Veteran football commentator, Charles Mabika has announced the death of Mick Poole, the man credited for giving the Zimbabwe national team, The Warriors.
Read Mabika’s Obituary below:
HE gave the Warriors their nickname, soon after Independence, and his passion for the national team continued, long after he left the country.
Mick Poole, a giant of Zimbabwean football, moved to settle in the United States, in the ‘90s.
At the weekend, at the age of 85, he died, in the UK .
He was just like the film character, known as “The Incedible Hulk,” who would be transformed from a soft-spoken, smiling scientist, into a giant creature, bursting with of uncontrollable rage, if something made him angry.
Poole’s reaction, if his players did not follow his instructions during a match, was similar.
He also loved watching action movies.
After watching one such Hollywood blockbuster, titled The Warriors, he came up with the nickname of the country’s senior national football team.
Released in 1979, movie’s plot is about a young African-American gang, called The Warriors, who are framed by a ruthless rival gang, of killing a “nice” gang leader, who is trying to unite the gangs.
The Warriors then find themselves having to use all their skills, and muscle, to prove their innocence, and bring their enemy to book.
They succeeded in their mission.
Three years after the movie’s release, Poole, who was assistant coach to John Rugg in the senior national team, took his players, and coaching staff, to watch the film, on the eve of an international tie against Lesotho, at Rufaro.
Poole then likened his players abilities, to the courageous heroics of the fictional characters in that movie, and handed them the nickname.
And, the newly-named Warriors, triumphed in the match.
In 1985, a bigger task awaited him, and his troops, after he had been appointed the head coach.
Once again, he reminded everyone that his Warriors would deliver.
This time, it was in the CECAFA Senior Challenge Cup and everyone wondered how the Warriors could accomplish what appeared a virtually impossible feat.
They were up against fancied, and experienced opposition, who included Tanzania, Kenya and Zambia.
These countries were all football heavyweights back then.
The Zimbabweans, as per their coach’s prediction, excelled as they topped their group to head into the final.
In the winner-take-all battle against Kenya, at Rufaro, the Warriors won 2-0, with Shacky “Mr Goals” Tauro and Gift “Ghetto” Mpariwa, on target.
But, long before that, Poole had already established himself as a top player, before venturing into coaching after hanging up his gloves.
He was a keeper, who started his career in the pre-Independence era, starring for police side BSAP, in the top-flight’s inauguration in 1962.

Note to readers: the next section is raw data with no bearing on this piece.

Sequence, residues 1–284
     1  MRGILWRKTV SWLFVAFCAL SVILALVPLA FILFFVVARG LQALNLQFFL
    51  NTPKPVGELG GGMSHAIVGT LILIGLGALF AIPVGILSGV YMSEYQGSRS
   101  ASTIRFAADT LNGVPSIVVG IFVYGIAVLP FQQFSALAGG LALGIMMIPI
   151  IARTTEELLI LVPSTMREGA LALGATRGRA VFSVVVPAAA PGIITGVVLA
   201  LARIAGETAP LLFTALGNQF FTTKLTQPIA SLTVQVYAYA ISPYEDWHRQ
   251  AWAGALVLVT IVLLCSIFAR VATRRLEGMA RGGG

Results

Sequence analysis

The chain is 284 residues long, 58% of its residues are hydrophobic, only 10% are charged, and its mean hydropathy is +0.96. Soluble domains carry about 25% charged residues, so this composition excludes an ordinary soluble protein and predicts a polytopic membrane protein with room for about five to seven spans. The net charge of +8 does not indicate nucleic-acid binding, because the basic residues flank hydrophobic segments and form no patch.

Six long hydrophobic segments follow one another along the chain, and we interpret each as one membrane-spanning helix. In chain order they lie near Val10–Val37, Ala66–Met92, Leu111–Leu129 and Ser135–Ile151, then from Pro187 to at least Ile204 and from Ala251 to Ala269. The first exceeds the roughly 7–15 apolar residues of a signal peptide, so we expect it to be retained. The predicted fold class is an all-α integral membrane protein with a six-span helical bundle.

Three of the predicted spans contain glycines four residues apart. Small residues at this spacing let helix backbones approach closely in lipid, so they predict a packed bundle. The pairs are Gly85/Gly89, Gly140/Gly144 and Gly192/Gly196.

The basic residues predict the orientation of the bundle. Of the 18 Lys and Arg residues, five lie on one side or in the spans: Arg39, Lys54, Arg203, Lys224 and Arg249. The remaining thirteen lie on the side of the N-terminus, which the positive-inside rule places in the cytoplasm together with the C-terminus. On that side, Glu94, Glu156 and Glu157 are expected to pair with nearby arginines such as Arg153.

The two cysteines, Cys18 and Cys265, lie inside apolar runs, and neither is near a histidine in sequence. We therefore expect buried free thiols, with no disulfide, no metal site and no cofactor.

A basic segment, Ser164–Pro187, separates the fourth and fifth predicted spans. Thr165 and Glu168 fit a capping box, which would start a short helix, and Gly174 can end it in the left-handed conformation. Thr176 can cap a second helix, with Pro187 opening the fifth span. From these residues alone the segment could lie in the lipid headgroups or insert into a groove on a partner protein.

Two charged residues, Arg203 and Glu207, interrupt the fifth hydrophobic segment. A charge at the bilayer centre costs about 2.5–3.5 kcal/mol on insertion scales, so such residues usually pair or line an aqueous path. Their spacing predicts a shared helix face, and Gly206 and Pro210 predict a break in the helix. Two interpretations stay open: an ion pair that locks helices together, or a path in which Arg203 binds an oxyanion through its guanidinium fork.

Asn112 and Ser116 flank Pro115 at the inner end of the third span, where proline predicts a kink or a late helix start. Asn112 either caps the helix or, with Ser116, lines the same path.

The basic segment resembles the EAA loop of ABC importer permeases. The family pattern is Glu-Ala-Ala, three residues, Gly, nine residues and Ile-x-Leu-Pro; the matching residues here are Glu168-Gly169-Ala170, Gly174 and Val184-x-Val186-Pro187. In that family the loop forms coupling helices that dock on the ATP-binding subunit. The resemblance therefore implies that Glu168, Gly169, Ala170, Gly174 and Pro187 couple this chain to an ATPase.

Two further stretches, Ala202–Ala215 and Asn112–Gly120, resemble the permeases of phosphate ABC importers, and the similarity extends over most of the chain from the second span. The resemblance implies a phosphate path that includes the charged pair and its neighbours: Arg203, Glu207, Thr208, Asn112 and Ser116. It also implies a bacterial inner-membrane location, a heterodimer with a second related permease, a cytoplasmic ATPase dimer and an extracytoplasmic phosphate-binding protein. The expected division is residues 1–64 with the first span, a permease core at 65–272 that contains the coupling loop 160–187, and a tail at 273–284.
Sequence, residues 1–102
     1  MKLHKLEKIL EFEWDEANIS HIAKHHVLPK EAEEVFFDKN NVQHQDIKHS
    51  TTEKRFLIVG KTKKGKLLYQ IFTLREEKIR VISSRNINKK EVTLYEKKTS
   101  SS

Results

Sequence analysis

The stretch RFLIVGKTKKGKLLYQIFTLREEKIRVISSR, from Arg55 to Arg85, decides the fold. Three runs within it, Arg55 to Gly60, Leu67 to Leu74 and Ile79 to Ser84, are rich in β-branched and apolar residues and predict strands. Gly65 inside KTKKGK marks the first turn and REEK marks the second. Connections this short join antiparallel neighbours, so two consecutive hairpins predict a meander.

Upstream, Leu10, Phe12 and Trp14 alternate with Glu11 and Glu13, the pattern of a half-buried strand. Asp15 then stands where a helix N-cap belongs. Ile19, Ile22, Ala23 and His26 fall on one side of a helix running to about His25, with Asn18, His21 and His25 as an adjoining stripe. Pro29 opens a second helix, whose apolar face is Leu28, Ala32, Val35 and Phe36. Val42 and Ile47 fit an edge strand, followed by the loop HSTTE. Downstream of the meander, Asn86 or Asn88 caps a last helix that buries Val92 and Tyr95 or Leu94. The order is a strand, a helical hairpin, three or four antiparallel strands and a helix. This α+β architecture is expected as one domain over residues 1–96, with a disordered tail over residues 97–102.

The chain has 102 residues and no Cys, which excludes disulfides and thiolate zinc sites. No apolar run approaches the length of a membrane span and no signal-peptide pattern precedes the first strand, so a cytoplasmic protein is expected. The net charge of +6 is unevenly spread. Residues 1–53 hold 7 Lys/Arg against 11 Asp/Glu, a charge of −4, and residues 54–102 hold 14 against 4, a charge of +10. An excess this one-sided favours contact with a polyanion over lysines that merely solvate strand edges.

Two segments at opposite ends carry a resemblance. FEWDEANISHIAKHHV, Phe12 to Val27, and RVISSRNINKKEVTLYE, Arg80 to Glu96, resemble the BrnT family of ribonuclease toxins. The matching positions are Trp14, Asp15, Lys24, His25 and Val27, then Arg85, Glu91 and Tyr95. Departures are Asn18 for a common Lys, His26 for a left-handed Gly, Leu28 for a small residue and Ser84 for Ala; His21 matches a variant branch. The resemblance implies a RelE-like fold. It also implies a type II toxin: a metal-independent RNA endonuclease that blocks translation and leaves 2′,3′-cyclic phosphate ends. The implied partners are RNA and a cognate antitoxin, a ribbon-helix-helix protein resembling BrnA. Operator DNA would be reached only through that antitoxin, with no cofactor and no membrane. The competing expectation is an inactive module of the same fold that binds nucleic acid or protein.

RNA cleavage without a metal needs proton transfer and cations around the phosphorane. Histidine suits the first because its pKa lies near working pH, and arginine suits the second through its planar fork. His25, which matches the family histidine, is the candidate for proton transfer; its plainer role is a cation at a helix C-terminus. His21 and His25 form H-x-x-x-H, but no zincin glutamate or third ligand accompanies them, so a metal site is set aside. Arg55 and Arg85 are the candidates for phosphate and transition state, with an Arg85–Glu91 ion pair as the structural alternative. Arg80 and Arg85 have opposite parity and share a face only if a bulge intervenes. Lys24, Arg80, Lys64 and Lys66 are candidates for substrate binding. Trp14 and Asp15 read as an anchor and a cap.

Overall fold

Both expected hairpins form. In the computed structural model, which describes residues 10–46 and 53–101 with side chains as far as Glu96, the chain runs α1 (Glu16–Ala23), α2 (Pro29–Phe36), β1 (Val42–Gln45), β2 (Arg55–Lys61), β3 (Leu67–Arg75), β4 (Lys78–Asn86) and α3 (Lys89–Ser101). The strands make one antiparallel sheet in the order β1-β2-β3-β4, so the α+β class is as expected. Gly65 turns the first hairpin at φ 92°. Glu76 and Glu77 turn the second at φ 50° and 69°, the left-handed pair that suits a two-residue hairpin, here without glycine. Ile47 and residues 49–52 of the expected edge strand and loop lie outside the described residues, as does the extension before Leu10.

He would continue to have impressive stints at sides like Postals, Triangle United and Chibuku Shumba.
His first huge success, as a club coach, came in 1983 when he led underdogs Arcadia United, to a shock 1-0 victory over favourites Highlanders, in the Chibuku Trophy final at Rufaro.
Poole was one of the most inspirational motivators in the local game and that quality was the biggest ingredient, in the Red Army’s triumph, over their fancied rivals, on the day.
Dribbling wizard, Mike Abrahams, got the solitary goal.
The gaffer later moved to Dynamos, where he also had an impressive stay.
Former Warriors and Dynamos’ forward, David “Broom Boy” George, who was coached by Poole, and also became his assistant at the Glamour Boys, recounted the iconic coach’s character.
“You see, Mick was all about winning and he would go to great lengths to achieve that by getting the best out of his players.
‘‘Yes, sometimes he would be short-tempered but it never got physical . . . not at all.
‘‘He would just want to shake you a bit.
‘‘And, it always worked and, after a win, he would be the first one to crack jokes and laugh at some of the mistakes that one would have made.
‘‘That was what made him such a great character and leader,” said George.
Poole’s husky voice was so infectious that everyone wanted to listen to his story.
And, he would invite any journalist who wanted to listen, to his half-time pep talks.
Of course, no journalist ever took that offer.
I still have to come across other coaches who will invite journalists, into their dressing room, to listen in to the second half’s strategy.
Poole had one peculiar piece of superstition.
If his team scored a goal, sometimes he would get up from the technical bench and head to the dressing room, and splash water on his face.
One day, he told me, it was all about hoping for good fortune.
I watched him do this countless times and, well, sometimes his team won and at times they lost.
Just like The Warriors, in that Hollywood fictional depiction, he had the same heart of a lion.
And, he triumphed, everywhere he coached.